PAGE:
So despite the fact that I can’t get Bungie to give me an interview for any of their writing positions, I’m still playing their games. Destiny 2 is gearing up for the release of their latest expansion, Shadowkeep. This expansion will see the game move from Battle.net to Steam (which I am very excited about, and am not quite counting the days until I can uninstall Battle.net from my various machines), and from what the trailers tease will reunite us with Eris Morn, a fascinating character from the first Destiny who spent entirely too long trapped in Darkness and was changed by it.
As this Season wraps up, I find myself looking back at the Forsaken expansion and ruminating on what it did, what it tried to do, and where it could have done better. Keeping in mind, these observations are purely from a storytelling standpoint. I’m not going into mechanics and weaponry and whether or not RNJesus was fair and balanced in the rewarding of loot. I am just looking at the themes explored in Forsaken and whether or not they were explored proficiently.
Forsaken begins with the death of one of the Vanguard, the Hunter Cayde-6 (primarily voiced by Nathan Fillion, briefly voiced by Nolan North for his tragic death). This kicks off a quest for vengeance. There are tensions back and forth within the surviving members of the Vanguard, the other denizens of the Last City, and even your Ghost as to whether or not you’re doing the right thing. Whether or not this is vengeance or justice. This is a question that has been explored many times in different fiction, to varying degrees of success. Sadly, I don’t think Destiny 2 did the best job with this trope, and I will explain why.
The problem with the whole morality debate in Forsaken is that during your quest to bring Uldren Sov (the former Prince of the Awoken who is responsible for the death of Cayde-6) to justice, you discover that he attempted genocide. He returned to the Reef after being thought dead, was welcomed by the Awoken there, and he slaughtered them. There is a scene where it shows you the throne room, and the bodies strewn across it. Now death is often meaningless in the Destiny universe because Guardians are dead warriors who have been reanimated by the Traveler, and filled with Light. And so long as their Ghosts can touch the Light, a Guardian can be revived. Over and over and over again. Cayde-6 died because one of Sov’s men took out his Ghost first. The Awoken of the Reef, however, were not Guardians. They’re all dead for good. As such, it is almost impossible to feel bad about hunting down someone who attempted genocide.
Sov is being assisted in his actions – and in murdering Cayde-6 – by a group known as the Scorn. They’re Fallen who have been changed in some weird space magic way, and now they can come back just like the Guardians do! Fun! You murder all their important people. Because of course you do. They try to make you feel bad about it, and make many a false equivalence, as if this group that was rotting away in a prison for crimes against all humanity until they were broken out to go COMMIT GENOCIDE are on the same moral playing field as you and Cayde.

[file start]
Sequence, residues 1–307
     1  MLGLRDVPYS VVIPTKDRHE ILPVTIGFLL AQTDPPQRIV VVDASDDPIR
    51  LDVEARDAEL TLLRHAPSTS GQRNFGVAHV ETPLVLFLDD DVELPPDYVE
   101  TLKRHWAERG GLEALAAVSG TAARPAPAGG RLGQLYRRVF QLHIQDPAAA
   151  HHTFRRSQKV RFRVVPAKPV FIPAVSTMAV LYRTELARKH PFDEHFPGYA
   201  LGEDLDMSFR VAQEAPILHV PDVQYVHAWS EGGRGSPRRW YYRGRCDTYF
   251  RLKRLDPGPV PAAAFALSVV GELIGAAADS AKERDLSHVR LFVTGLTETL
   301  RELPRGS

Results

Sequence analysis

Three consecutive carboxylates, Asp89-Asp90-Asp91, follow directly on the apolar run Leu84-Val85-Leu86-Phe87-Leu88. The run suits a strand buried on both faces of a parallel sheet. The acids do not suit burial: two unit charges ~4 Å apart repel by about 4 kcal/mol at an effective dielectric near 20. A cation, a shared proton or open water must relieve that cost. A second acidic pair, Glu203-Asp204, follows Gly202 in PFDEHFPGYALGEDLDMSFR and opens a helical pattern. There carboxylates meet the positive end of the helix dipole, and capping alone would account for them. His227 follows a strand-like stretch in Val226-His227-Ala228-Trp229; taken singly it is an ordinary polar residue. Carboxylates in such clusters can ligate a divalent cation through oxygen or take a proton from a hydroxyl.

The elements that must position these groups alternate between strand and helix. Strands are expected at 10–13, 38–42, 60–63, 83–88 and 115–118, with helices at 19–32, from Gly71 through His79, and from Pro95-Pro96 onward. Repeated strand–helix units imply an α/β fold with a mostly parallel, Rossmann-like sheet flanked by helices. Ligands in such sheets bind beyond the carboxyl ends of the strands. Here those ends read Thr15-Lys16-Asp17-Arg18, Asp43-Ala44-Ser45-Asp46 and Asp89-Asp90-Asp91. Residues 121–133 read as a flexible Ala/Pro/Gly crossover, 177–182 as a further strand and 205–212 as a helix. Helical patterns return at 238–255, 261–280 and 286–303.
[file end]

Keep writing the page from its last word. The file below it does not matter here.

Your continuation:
During your hunt, you find out that Sov is being controlled by some sort of powerful, cursed creature who has been speaking to the prince inside his head pretending to be his potentially dead sister. Queen Mara Sov died or went missing or something (she went missing, she’s off doing magical things, it’s fine – sort of) during the first Destiny and Uldren has been a wreck ever since. Also, if you played the first Destiny at all, Uldren is a pretentious shit and you kind of don’t care that he went through hell to begin with. Anyway! Sov is being controlled, you fight and win, and they purposefully set the scene so that you don’t know if your Guardian pulls the trigger or if your guide on this adventure, Petra Venj (another character from the first Destiny, whom I love), is the one to do it. Half the people in the Last City think it was you, half think it was Petra. They all have weird emotional responses one way or another. And the entire time, I’m just sitting here behind my keyboard like, “Genocide! He attempted genocide! There is no moral debate here!”
Destiny continues to build upon the question of whether or not all Guardians are good by the introduction of the Drifter. Described as a Rogue Lightbearer, the Drifter comes into the Last City with a new game called Gambit. It’s a combination of PVE and PVP elements that overall is less obnoxious than the Crucible, but we’re not discussing game play here. The Drifter has a sketchy past, he’s been around since the Dark Age, and now he has guardians collecting light from corpses which he uses for…something? Now, I’m not very good at PVP segments, so I have not continued the Drifter quest lines to their end, and so am missing some important story line bits (because I don’t watch other people play games that I am playing). However, I know enough to know that the theme continues.